The house is a terraced Victorian property which was originally converted into two flats years ago. I own the upper maisonette on the first and second floor. When I purchased the property, it didn’t require any structural work. I lived in it for a couple of years first to get a feel for the space and work out how best to make some changes.
The interior was dated – particularly the kitchen which was very old, with melamine doors and timber worktops. I completely overhauled it and designed the whole thing from scratch. Throughout the property, I installed a lot of joinery, including built-in shelving, storage and wardrobes in the bedrooms. I also laid new carpets and floors.
The hallway is one of my favourite spaces. I felt the space could handle this wallpaper (Lioness & Palms by CF Voysey, supplied by Common Room) as you only tend to pass through it. But because you can see the hall from other rooms in the flat, it had to work with the colours and fabrics of the adjoining spaces (specifically the bedroom, living room and bathroom). In the end, I added a dado rail and painted below it, so the wallpaper wasn’t too overpowering (plus this saved me some money). I also used the same dark colourway of the wallpaper in the bathroom to create some contrast. The majority of the flat is carpeted, including the hallway, which adds a bit more cosiness.
This room needed the biggest overhaul. The layout remained more or less the same, but the kitchen just needed ripping out. I replaced everything from the floors to the units to the appliances. I wanted the room to feel fresh, but also to serve as a practical space with plenty of storage.
I investigated using a professional kitchen company but felt restricted by the limited unit sizes – my kitchen isn’t that big, so I needed to make the most of the space. The best solution was to get it made bespoke. I drew everything up myself, and hired a local builder/carpenter to install it for me. I knew early on that a Shaker-style kitchen would suit the architecture of the space best, plus it would be the most affordable option.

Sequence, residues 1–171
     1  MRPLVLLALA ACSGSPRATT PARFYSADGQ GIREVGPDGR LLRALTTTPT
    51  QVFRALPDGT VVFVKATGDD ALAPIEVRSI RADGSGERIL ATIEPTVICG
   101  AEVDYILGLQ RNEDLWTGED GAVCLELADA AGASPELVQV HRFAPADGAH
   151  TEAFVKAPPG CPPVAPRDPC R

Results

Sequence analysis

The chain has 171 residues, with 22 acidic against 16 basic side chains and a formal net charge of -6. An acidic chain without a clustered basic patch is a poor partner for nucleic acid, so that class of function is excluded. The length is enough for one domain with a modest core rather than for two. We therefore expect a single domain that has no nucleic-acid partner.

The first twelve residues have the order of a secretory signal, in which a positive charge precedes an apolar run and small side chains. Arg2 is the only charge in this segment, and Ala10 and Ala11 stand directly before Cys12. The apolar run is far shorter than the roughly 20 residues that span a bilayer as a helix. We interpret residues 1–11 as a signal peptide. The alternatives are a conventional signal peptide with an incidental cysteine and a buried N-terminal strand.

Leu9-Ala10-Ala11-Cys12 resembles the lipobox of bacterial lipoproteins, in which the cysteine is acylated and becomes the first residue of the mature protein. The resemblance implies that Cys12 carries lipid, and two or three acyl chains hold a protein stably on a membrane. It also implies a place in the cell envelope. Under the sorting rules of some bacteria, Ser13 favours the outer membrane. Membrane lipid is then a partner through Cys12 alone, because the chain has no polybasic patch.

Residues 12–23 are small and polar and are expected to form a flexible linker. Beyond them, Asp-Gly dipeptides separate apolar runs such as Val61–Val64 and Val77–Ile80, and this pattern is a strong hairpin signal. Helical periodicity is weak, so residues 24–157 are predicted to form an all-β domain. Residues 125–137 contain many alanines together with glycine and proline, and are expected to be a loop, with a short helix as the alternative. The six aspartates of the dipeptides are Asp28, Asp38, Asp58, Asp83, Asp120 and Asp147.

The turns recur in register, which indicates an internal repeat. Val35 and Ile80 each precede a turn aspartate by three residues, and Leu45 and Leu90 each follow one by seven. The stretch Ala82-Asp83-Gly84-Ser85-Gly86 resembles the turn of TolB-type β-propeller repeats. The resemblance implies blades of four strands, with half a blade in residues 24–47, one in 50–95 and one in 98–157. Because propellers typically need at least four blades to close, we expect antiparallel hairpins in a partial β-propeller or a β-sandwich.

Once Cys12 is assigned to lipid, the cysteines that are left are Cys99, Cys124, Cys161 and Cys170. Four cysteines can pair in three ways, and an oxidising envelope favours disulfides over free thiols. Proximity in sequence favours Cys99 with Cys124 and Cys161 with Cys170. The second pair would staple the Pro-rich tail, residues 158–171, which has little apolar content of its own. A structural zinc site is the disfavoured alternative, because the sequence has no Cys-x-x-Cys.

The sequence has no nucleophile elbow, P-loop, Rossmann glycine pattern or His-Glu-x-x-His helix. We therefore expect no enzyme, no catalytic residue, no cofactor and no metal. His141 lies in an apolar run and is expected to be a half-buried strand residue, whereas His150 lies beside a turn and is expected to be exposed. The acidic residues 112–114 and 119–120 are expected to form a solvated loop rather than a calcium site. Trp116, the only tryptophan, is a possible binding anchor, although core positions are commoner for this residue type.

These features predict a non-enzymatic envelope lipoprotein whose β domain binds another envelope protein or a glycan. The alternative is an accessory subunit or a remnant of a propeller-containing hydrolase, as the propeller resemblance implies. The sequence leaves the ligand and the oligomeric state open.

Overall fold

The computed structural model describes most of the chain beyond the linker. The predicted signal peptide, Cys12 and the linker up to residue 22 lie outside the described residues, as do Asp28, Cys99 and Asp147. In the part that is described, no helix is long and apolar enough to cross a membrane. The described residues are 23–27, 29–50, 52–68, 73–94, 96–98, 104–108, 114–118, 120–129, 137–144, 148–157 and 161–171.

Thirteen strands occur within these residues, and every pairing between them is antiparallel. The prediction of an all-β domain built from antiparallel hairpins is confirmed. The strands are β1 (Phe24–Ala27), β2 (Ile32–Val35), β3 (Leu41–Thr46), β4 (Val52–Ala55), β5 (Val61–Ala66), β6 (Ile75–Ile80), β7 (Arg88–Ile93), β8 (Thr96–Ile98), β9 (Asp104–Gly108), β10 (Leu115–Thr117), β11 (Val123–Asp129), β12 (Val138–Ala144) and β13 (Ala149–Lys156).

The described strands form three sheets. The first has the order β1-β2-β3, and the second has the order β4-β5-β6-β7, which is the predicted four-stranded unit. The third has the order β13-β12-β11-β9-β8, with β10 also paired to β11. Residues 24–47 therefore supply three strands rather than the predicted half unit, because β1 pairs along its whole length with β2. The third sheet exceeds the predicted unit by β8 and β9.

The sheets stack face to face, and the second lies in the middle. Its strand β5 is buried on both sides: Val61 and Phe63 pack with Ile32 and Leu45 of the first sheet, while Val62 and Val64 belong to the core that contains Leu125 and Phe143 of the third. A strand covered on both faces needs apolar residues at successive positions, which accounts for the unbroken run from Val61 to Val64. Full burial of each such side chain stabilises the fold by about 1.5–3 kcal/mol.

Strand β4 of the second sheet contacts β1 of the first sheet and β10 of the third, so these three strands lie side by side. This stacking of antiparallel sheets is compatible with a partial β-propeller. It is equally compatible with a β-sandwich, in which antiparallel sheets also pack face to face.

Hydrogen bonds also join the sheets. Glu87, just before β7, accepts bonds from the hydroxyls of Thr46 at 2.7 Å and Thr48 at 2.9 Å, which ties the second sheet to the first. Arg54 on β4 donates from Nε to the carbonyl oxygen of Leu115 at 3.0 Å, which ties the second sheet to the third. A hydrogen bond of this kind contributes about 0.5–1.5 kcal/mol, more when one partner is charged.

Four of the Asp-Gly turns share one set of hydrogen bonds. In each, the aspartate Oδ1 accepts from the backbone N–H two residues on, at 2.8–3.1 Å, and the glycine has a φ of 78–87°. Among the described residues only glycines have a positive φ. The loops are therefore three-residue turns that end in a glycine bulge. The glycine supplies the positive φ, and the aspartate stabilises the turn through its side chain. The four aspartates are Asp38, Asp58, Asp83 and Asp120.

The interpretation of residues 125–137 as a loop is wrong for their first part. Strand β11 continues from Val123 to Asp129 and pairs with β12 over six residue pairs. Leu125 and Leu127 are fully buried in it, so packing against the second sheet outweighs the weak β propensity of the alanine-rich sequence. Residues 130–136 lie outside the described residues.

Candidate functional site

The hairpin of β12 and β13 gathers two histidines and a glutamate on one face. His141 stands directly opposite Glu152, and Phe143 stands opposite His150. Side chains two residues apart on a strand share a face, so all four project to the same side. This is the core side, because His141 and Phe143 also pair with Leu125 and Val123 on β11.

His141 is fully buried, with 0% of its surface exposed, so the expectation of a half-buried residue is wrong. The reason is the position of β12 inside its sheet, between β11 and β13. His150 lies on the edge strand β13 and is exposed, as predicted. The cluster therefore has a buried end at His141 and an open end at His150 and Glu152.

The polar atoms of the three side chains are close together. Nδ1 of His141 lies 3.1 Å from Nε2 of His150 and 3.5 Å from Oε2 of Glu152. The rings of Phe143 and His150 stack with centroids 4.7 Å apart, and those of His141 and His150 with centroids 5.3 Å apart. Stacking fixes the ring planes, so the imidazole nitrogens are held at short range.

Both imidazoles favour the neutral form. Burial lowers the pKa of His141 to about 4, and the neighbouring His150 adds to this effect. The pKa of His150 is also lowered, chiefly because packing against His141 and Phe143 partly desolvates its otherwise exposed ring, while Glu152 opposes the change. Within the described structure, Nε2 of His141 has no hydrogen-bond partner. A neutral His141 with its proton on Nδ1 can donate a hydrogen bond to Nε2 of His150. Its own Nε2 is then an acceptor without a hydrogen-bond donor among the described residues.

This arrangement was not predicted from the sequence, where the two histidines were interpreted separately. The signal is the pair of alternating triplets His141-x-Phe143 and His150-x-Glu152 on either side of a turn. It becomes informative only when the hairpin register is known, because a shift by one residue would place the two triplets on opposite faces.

There was already a lot of green throughout the flat, so introducing a completely different colour felt unnecessary – I needed the various spaces to flow together. That said, the high units still match the woodwork to keep the kitchen feeling light – if everything was green, it would have felt too heavy. I’m not a huge fan of high-level units but I needed to make the most of the storage potential, so having those cupboards blend in with the walls helped not make a feature of them.
Budget was obviously a huge factor, particularly when it came to the materials. I knew I didn’t want a polished worktop and found this great veined honed option. The tongue-and-groove splashback was also a more affordable way to create a bit of interest without going overboard. Painting it in a wipeable paint makes it really durable.
In terms of lighting, it’s important to treat a kitchen like any other space. By that I mean having a variety of lighting to suit different times of the day. Lamps on shelves are an unexpected choice in a kitchen, but they really help soften the space – kitchens shouldn’t feel too clinical, especially as they’re often one of the most social rooms in a home.
The Living Room
The kitchen overlooks the living room, which you can also see from the hallway, so I wanted the colour palette to feel cohesive. I continued the green joinery and designed a simple shelving unit behind the sofa with shelving above. The Camerich sofa sits in front of it and expands to the full width of the space. It adds a bit of contemporary style, juxtaposed by the vintage arabescato coffee table from Anna Unwin, which is big enough for lots of my favourite magazines and coffee-table books.
I love using plants in a home, particularly to add some variety to shelving. I arranged them in between some of my favourite objects, many of which were found at antiques markets. The floral prints are by Polly Fern – she has a large collection which can be mixed and matched together, and they’re reasonably priced. Her ceramic vases are currently top of my wish list.
The cushions are a mixture from Zara Home and Katy Takla. Katy uses offcuts and end-of-roll remnant fabrics to create beautiful cushions with contrasting frills. The blind fabric is from Ottoline; the pink Tulips of Belgravia design adds that extra bit of pattern I was looking for.
Green can be very calming, which is why I went with this shade for the bedroom (Eico Paints Wedgewood Green). Cosy in winter yet cool in summer, I often find strong colours on the walls work best in smaller spaces.
On the headboard I used Bennison’s Crewelwork. It adds a splash of colourful pattern that goes perfectly with the green walls. Having specified it for clients numerous times, I knew it wasn’t the cheapest fabric, but a headboard (particularly one that’s a simple shape) only needs 2-3m. It’s a great way to make a statement in the space.
The wall light is from Pooky – a brand that offers a great range of affordable lighting and fun shades. The bedlinen is from Secret Linen Store – the quality is superb, and I love the little details. The bedside table is a vintage bobbin style on castors. An element of open storage always looks good when it’s styled with things like magazines.